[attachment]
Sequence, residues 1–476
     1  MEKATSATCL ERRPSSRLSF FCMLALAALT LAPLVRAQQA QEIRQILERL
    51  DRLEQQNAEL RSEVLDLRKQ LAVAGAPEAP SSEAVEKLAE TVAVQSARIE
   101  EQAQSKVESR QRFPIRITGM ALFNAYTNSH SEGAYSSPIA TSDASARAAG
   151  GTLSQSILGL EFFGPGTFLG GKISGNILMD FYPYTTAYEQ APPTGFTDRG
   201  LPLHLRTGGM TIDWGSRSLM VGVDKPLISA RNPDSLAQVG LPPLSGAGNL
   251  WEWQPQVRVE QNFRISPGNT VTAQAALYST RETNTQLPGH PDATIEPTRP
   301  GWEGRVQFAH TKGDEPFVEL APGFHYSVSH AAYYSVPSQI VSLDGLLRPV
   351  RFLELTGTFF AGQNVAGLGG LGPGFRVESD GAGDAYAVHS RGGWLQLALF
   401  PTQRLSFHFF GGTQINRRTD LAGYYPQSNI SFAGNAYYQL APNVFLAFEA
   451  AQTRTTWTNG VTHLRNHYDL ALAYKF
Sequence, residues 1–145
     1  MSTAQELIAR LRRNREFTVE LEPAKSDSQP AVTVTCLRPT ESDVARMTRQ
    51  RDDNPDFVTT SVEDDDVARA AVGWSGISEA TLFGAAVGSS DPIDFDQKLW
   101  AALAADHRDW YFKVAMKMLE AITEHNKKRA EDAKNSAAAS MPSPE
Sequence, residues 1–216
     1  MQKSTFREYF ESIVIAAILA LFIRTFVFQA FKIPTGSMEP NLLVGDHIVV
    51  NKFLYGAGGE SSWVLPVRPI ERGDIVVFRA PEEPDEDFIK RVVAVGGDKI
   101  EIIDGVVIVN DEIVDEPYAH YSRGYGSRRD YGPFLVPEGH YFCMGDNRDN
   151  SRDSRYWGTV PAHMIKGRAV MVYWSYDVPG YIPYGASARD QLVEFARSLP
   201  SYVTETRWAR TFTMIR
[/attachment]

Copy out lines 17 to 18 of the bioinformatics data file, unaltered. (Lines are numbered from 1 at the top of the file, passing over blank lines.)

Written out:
     1  MQKSTFREYF ESIVIAAILA LFIRTFVFQA FKIPTGSMEP NLLVGDHIVV
    51  NKFLYGAGGE SSWVLPVRPI ERGDIVVFRA PEEPDEDFIK RVVAVGGDKI